9. Scottsdale, Arizona - $424k

8. Naples, Florida - $474k

7. Austin, Texas - $501k

6. Las Vegas, Nevada - $508k

5. San Antonio, Texas - $661k

4. Atlanta, Georgia - $691k

3. New York, NY - $900k

2. Dallas, Texas - $1.13M

1. Houston, Texas - $1.5M

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COMPETING FOR FLORIDA VOTES

Both candidates spent time in Florida, considered one of the most hotly contested states. The 2000 presidential election was decided in Florida after a dispute over votes and recounting of ballots went to the U.S. Supreme Court, which ruled in favor of Republican George W. Bush over Democrat Al Gore.

The Real Clear Politics average of Florida opinion polls found Clinton with a lead of about 1 percentage point - indicating the race there is a virtual tie.

Trump spoke at a rally on Saturday morning in Tampa, Florida, where he continued to criticize Clinton for supporting the Affordable Care Act, also known as Obamacare, in the wake of an announcement that premiums are going to rise next year.

"It's not going to matter because if we win I'm throwing it out anyway," Trump said.

Shortly before Clinton took the stage in Pembroke Pines, Florida, rained poured down. People in the crowd waiting for Clinton at the outdoor rally remained in place, taking out umbrellas and fashioning garbage bags into head coverings.

"I'm thrilled to be here and boy is this a hardy group, rain or shine you are ready," Clinton said, her voice cracking with hoarseness.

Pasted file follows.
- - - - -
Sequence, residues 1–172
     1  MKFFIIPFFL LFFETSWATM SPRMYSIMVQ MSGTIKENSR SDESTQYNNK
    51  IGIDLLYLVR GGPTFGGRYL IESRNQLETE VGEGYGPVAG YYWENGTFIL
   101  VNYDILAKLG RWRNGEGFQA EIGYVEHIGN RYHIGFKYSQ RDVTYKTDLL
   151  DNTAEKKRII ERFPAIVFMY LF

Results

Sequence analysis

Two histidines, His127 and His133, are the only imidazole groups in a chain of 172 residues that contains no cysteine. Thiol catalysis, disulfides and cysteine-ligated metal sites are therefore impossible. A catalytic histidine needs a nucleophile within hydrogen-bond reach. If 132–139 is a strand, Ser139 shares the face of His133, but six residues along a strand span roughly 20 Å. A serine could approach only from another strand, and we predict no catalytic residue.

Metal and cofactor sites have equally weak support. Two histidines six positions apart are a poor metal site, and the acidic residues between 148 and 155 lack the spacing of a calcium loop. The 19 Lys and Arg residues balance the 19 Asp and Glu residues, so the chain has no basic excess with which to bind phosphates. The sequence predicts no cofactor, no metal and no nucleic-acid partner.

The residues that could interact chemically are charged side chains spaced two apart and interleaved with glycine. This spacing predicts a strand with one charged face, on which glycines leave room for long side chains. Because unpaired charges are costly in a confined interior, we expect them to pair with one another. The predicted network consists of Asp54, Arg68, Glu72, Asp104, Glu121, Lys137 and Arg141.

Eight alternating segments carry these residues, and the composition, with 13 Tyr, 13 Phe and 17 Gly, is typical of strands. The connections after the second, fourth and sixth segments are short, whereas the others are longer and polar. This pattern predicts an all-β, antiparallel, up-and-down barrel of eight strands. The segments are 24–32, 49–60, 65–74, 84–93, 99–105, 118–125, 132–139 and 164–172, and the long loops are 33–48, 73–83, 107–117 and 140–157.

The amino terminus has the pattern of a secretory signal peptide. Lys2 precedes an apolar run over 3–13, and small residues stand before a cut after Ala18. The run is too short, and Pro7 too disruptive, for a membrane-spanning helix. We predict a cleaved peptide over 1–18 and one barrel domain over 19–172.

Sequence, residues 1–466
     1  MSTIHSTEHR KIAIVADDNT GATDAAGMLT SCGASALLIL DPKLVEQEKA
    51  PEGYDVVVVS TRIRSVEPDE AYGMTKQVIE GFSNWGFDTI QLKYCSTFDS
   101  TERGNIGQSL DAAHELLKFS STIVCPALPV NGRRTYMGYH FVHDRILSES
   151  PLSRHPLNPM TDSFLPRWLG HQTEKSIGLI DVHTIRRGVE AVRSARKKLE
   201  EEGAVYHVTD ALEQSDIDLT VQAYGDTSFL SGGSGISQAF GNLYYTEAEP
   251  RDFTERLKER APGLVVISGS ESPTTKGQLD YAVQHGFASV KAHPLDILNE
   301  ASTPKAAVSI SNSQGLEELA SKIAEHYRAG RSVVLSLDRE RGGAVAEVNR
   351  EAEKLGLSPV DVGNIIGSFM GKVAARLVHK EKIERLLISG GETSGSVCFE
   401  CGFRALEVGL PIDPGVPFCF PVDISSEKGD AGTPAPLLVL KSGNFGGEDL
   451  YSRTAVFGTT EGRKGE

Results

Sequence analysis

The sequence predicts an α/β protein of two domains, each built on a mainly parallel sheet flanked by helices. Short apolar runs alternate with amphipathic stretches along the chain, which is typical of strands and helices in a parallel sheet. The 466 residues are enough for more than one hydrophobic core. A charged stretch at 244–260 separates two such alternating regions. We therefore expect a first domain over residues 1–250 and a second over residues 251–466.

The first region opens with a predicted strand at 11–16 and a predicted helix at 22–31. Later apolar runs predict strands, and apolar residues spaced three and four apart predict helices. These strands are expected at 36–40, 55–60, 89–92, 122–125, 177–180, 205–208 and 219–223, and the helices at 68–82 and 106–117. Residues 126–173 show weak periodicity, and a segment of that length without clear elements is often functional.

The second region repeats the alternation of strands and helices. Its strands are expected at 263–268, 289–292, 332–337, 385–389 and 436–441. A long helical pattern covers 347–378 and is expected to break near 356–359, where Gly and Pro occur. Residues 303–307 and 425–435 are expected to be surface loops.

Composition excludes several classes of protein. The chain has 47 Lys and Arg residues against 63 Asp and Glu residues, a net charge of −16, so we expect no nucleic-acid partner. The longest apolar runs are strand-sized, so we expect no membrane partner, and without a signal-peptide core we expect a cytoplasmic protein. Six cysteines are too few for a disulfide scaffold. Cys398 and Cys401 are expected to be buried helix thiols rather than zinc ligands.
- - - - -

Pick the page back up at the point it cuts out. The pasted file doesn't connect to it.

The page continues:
She cut her speech short as she became soaked in rain, saying, "I don't think I need to tell you all of the wrong things about Donald Trump."

At the JFK library in Hialeah, Florida, people lined up outside for early voting. Nearby, supporters of both candidates waved signs and shouted slogans, urging passing drivers to honk their horns.

"We want someone to come in and clean house," said Cuban-American Ariel Martinez, 42, aTrump supporter.

Early voting began in September and the data firm Catalist estimates more than 30 million ballots have been cast in 38 states. There are an estimated 225.8 million eligible U.S. voters. Saturday was the final day for early voting in many Florida counties.

CHANGES IN PLANS

Trump and Clinton campaigns adjusted travel schedules for the next two days to states where they saw opportunity.

Trump told the crowd in Tampa that there would be a campaign event in Minnesota this weekend, although one had not previously been scheduled. Minnesota has not voted for a Republican since 1984. His campaign confirmed a rally scheduled for Wisconsin on Sunday has been canceled.

Clinton started the day by stopping by the West Miami Community Center, a Cuban American neighborhood, with telenovela star Jencarlos Canela, a Miami native of Cuban descent.

She then visited her campaign's office in Little Haiti where there is a large concentration of Haitian-American residents. Clinton was joined by Sybrina Fulton, the mother of Trayvon Martin, the unarmed black teenager who was shot dead in 2012 by a Sanford, Florida neighborhood watchman, George Zimmerman.

While Trump prefers large-scale rallies, Clinton has filled her campaign schedule with targeted appearances meant to court voters in specific demographics. Cuban voters have historically favored Republicans, but younger generations have shifted toward Democratic Party candidates.

In what was seen as an effort to defend typically Democratic turf, Clinton on Monday will campaign in Grand Rapids, Michigan, before returning to Pennsylvania for a rally in Philadelphia with President Barack Obama and first lady Michelle Obama, and former President Bill Clinton.

Trump is to make stops on Sunday in Iowa, Minnesota, Michigan, Pennsylvania and Virginia to try to steal away some states that have gone Democratic in recent presidential elections.